Hall in Tyrol
Skyline with Karwendel range
Location in the district
|o Mayor||Eva-Maria Posch (ÖVP)|
|o Total||5.54 km2 (2.14 sq mi)|
|Elevation||574 m (1,883 ft)|
|o Density||2,500/km2 (6,500/sq mi)|
|Time zone||UTC+1 (CET)|
|o Summer (DST)||UTC+2 (CEST)|
Hall in Tyrol is a town in the Innsbruck-Land district of Tyrol, Austria. Located at an altitude of 574 m, about 5 km (3 mi) east of the state's capital Innsbruck in the Inn valley, it has a population of about 13,000 (Jan 2013).
Hall in the County of Tyrol was first mentioned as a salina (saltern) near Thaur castle in a 1232 deed. The current name dates back to 1256, and similarly to Halle, Hallein, Schwäbisch Hall or Hallstatt is derived from the Celtic word for salt.
Since the 13th century, the salt mine at Absam in the Hall Valley north of the town formed the main industry of the town and its surroundings. The first adit was laid out in 1272 at the behest of Count Meinhard II of Tyrol, with the brine channeled by a 10 km (6 mi) long pipeline to the evaporation pond at Hall. The importance of the salt industry, which exported goods as far as Switzerland, the Black Forest, and the Rhine valley, is reflected in Hall's coat of arms, which shows two lions holding a cask of salt. In 1303, Hall became a town. The rights that came with this, as well as the business associated with trading from Hall downriver on Inn and Danube, turned it into the leading market and trading place in the northern parts of Tyrol. Its development suffered a serious setback in 1447, when large parts of the upper town area were razed by a fire. In 1477, it got the right of coinage, when the Tyrolian mint was moved from Meran to Hall. In 1486, the mint produced the first large silver coin Guldengroschen in Europe. In the 16th century, the mint in Hall also introduced the world's first automated coining machine. Today a reconstruction of this revolutionary machine can be seen in the Hall Mint Museum  in the Burg Hasegg.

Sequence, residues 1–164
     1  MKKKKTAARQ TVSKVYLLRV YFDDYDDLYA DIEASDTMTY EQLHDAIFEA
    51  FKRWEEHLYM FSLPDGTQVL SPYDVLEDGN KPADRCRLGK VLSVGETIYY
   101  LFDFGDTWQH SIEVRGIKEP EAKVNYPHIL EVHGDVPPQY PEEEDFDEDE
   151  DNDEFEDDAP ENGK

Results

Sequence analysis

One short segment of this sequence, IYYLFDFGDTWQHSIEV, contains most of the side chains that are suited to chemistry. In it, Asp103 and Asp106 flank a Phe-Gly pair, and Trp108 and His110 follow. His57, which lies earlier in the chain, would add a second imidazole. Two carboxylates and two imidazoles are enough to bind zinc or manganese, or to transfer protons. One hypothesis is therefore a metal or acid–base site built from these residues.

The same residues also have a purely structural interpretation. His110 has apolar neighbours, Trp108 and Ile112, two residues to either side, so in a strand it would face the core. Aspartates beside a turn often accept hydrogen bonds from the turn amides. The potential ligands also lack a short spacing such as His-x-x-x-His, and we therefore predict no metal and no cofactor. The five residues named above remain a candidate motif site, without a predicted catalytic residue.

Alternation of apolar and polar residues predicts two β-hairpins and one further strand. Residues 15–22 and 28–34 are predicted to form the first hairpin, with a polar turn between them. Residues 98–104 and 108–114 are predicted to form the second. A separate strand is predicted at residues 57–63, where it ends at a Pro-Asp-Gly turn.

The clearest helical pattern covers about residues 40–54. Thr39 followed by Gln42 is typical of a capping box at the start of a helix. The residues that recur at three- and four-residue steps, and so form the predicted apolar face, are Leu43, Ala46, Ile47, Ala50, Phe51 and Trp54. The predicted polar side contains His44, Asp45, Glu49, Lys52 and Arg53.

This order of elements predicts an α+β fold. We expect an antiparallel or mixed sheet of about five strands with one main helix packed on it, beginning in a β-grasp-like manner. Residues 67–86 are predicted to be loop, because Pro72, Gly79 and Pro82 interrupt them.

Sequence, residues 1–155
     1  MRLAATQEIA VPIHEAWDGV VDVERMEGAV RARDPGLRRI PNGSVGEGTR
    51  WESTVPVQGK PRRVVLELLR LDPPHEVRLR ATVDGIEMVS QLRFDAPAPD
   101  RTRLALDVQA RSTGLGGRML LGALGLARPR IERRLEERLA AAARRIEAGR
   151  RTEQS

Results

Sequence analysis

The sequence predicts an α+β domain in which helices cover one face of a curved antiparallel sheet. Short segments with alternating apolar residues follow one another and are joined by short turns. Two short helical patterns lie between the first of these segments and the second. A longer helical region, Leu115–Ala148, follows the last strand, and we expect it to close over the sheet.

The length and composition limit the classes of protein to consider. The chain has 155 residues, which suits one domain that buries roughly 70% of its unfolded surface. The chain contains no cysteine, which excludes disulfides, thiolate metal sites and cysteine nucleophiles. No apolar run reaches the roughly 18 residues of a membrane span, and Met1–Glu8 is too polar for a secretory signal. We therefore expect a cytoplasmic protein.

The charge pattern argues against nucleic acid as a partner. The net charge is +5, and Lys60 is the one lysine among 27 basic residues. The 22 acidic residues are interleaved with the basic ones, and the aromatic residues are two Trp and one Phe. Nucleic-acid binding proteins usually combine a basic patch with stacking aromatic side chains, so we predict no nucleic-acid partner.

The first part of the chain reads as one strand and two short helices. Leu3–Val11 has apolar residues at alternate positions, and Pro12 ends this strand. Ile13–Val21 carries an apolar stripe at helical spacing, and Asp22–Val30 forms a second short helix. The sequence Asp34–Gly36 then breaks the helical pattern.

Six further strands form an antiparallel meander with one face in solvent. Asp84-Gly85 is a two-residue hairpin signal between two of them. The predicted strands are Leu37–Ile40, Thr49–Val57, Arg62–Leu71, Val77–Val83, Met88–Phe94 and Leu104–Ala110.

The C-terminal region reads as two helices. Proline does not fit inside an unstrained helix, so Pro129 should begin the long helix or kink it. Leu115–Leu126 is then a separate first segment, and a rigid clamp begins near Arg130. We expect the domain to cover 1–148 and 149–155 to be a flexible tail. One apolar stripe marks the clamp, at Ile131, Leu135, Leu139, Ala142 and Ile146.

In the 15th and 16th century, Hall was one of the most important towns in the Habsburg Empire. This period saw the construction of many of the churches, monasteries and convents that still shape the appearance of the town. Today Hall has the biggest intact old town in the western part of Austria.
During the Habsburg Monarchy a military garrison was established in Hall. This, along with the large freight train station, became a target of heavy bombardment during World War II, which destroyed the train station but left the old town almost unscathed.
From 1938 to 1974, the town was called Solbad Hall - Solbad was dropped from the town name a few years after the salt mining was closed in 1967.
Hall in Tirol is twinned with:
Climate type is dominated by the winter season, a long, bitterly cold period with short, clear days, relatively little precipitation mostly in the form of snow, and low humidity. The Köppen Climate Classification subtype for this climate is "Dfc" (Continental Subarctic Climate).